Japan is marking a “red line” around the Senkaku islands, which China also claims, US CNN TV reported after an interview with Japanese Defense Minister Nobuo Kishi. According to the station, “Tokyo is countering Beijing’s increasingly aggressive stance, paving the way for a potential game between the two largest powers in the region.”
Japan’s Defense Minister Nobuo Kishi said in an interview with CNN on Thursday that Tokyo will take decisive steps against China over the disputed Senkaku (Chinese: Diaoyu) islands in the East China Sea and respond to Beijing’s aggressive military provocations
He added that the islands are indisputably Japanese territory and will be defended as such.
The territorial conflict over the islands in the East China Sea is one of the points of contention in the difficult Sino-Japanese relationship, still overshadowed by the history of Japanese aggression against China and atrocities committed by the Japanese army during World War II.
Confrontation of the biggest powers in the region
Last year, the Ministry of Foreign Affairs of China issued a statement in which it stated that “the Diaoyu Islands are an inherent part of Chinese territory” and that the inalienable right of Chinese forces is “to patrol and implement laws in these waters.”
Also last year, China gave Japan a protest against the resolution of the Japanese city of Ishigaki on the disputed Senkaku islands that decided to rename the administrative area containing the disputed islands. From October 1, the name will change from Tonoshiro to Tonoshiro Senkaku.
In addition, Beijing “backs its claims with warships and the introduction of new regulations that give its coastguard an extended mandate,” explains CNN. This could lead to a confrontation between the region’s greatest powers, he comments.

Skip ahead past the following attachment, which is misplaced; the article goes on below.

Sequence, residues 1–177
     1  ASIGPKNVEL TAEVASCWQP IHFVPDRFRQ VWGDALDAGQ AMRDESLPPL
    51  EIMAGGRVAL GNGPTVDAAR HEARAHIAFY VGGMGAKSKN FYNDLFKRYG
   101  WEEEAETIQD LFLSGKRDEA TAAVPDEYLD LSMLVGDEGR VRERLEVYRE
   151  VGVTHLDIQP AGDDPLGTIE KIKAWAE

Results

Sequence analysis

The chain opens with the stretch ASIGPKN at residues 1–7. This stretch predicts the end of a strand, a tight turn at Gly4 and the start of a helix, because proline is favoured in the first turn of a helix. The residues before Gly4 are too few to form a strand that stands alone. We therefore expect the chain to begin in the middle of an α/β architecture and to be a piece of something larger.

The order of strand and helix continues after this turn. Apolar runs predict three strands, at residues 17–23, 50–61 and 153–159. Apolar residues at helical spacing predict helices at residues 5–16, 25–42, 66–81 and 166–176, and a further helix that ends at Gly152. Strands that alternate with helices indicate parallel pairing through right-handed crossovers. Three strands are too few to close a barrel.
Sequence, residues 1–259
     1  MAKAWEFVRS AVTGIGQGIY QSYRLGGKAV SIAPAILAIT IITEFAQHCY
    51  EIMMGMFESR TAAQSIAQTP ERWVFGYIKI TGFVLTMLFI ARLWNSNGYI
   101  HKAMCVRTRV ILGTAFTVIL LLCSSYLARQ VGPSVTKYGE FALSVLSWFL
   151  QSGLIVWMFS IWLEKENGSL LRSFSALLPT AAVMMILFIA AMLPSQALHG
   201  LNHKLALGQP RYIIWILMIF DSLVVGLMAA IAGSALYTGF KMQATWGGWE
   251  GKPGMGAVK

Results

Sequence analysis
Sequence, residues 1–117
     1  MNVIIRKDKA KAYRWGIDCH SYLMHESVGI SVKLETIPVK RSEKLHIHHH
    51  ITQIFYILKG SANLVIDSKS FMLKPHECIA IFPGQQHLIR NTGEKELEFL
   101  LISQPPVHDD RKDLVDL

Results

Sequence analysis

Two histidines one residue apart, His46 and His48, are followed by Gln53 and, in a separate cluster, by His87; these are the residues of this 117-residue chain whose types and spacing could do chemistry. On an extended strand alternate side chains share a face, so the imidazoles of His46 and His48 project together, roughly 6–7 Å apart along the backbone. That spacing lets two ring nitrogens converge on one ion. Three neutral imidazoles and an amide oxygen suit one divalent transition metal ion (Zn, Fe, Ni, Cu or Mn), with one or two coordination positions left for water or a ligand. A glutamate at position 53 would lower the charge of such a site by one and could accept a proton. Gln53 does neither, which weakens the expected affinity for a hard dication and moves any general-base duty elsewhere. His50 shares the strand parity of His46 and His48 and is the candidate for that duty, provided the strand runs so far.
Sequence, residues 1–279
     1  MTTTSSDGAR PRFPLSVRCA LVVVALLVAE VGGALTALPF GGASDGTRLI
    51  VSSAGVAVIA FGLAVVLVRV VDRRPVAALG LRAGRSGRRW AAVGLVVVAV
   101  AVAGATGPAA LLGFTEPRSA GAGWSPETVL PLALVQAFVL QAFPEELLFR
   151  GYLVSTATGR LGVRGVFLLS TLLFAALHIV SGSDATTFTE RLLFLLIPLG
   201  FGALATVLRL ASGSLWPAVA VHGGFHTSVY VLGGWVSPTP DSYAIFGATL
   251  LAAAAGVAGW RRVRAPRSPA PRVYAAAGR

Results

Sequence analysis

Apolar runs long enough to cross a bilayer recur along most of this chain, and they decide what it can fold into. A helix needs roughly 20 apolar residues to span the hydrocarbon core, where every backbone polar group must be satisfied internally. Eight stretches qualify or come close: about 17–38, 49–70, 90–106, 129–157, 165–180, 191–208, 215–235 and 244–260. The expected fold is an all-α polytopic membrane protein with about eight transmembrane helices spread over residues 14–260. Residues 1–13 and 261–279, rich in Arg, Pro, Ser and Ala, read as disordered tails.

The Tokyo government has repeatedly protested against the presence of Chinese ships near the Japanese-controlled archipelago. Chinese coast guard ships entered Japan’s waters 88 times from early January to late August.
The Japanese authorities consider the actions of Chinese vessels to be a violation of its territorial waters. In addition to China and Japan, the disputed islands are also claimed by Taiwan, which considers itself independent of the PRC.
A wave of anti-Japanese protests
Meanwhile, experts estimate that China’s strategy towards Senkaku is to move its armed forces towards disputed territories and announce the introduction of Chinese jurisdiction and power there by fait accompli, CNN writes.
“Such moves pose a threat to an integral part of Japan’s sovereign territory,” said Kishi.
Another problem in relations with China is the status of Taiwan. Beijing is stepping up military pressure on him, and Chinese President Xi Jinping said Taiwan must come under Chinese control, even if it requires the use of force.
“The stabilization of the situation around Taiwan is very important to Japan’s security,” Kishi said. – 90 percent the energy that Japan uses is imported through the territories around Taiwan – he explained.
Tokyo is deploying troops and missiles on the island of Yonaguni, near Taiwan, and plans to strengthen the defense of other islands, CNN reports.
In 2012, the government in Tokyo purchased part of Sankaku from private hands, sparking a wave of anti-Japanese protests in China. In some cities, an enraged mob was destroying Japanese cars, restaurants, shops and factories. There were also acts of violence against random people.
CNN recalls that Tokyo and Washington are bound by a defense treaty, and shortly after taking office, President Joe Biden announced in an official announcement that the United States felt fully committed to guaranteeing the security of Japan, including the Senkaku Islands.
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